7. Picking dim sum from the weekend menu here today was a good choice. The duck dumplings (or whatever they would be called; they were like a ground duck dumpling wrapped and then fried in a pink rice flour) were interesting, as were the shrimp rolls. The congee was very good, perhaps saltier than I expected, but a nice complement with the fried buns. Off of the regular menu the pork wrap with long horn peppers is a favorite, and was as good as always. We hadn't been to Bob's in a year, perhaps, and it was nice to see that it is as good as always.
  8. Having been fortunate enough to spend some time in Ireland a few times over the last few years, I have an appreciation for the fact that the pubs there can often have a more international menu, and not just have Shepherd's pie, fish and chips, bangers and mash. In that spirit: absolutely nothing wrong with our dinner here last night. The faux scotch egg was a good start, and my cajun pasta was flavorful and just fine. My wife's shepherd's pie came with a gorgeous side salad. The star of the evening, though, was my son's macaroni and cheese, a really generous bowl of cheesy goodness that my wife and me had a difficult time not over-sampling. A few good pours of Guinness made the night.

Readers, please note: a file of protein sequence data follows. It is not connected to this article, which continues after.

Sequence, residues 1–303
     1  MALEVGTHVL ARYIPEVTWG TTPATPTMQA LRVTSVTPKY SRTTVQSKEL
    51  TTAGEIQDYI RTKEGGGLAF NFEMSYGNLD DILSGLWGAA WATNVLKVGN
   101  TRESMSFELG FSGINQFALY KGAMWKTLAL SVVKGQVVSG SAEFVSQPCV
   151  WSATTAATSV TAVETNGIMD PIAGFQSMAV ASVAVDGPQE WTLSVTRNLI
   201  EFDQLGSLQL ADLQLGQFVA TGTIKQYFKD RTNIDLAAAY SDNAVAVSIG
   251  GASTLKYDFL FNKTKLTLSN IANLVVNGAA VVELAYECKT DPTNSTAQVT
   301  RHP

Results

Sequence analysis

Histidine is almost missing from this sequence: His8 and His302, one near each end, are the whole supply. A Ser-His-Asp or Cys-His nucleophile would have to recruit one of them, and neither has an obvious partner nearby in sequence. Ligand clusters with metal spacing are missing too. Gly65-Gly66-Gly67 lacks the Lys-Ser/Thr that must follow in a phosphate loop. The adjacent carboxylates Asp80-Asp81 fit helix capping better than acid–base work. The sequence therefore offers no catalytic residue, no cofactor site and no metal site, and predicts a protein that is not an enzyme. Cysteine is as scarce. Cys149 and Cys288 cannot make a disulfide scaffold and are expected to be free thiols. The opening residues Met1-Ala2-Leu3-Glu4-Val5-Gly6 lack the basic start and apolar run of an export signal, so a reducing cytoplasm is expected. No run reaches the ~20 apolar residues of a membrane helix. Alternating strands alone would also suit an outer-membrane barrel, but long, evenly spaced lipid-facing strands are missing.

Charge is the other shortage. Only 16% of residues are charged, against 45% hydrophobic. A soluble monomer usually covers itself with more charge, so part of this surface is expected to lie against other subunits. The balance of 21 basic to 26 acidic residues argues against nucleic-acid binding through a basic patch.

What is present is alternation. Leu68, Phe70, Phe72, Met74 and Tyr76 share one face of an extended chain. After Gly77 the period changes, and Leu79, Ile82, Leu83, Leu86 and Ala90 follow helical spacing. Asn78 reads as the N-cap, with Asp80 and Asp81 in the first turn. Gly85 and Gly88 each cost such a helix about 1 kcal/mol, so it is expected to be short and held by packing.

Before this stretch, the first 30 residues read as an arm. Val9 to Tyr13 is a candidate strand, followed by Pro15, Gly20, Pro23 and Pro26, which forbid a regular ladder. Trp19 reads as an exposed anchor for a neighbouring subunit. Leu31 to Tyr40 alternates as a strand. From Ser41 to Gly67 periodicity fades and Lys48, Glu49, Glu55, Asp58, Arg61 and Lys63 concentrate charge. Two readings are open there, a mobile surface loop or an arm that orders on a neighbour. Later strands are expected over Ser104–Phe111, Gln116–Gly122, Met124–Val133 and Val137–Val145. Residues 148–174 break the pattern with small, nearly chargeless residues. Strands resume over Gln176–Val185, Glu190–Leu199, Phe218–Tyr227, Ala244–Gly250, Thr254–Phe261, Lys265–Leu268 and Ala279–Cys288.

9. Couldn't agree more; I was there in August, after not being there for almost a year, and it has maintained its high standards. Some years ago, before they renovated the dining room, my wife and I were at a two top and I had a view of the long table at the back, which had a large painting on the back wall above it. Suddenly we heard a large thud and the painting had dropped off of the wall. Without missing a beat, most of the wait staff rushed to the back, swiftly appraised the (lack of) injury, and got the table quickly cleaned up. It was impressive to see what a highly professional staff can do when called upon.
  10. seanvtaylor


    Dinner at Mei Fu Jia Yan was a nicely choreographed evening, with a multiple course (8? 9?) menu written out on a fan. The courses were small, precise and pleasing--nothing sticks out as a particular standout, with the fast tempo of the service leading to an overall impression--a good one. This restaurant is nicely tucked away in the middle of a hutong, and features photos and costumes of the opera singer who lived in the house and received many guests there.
  11. The sisig-rito on their menu is a gut-busting exercise in indulgence; sisig as a burrito filling makes complete sense (I could easily also envision it on top of nachos, on in a New England hot dog bun).
  12. seanvtaylor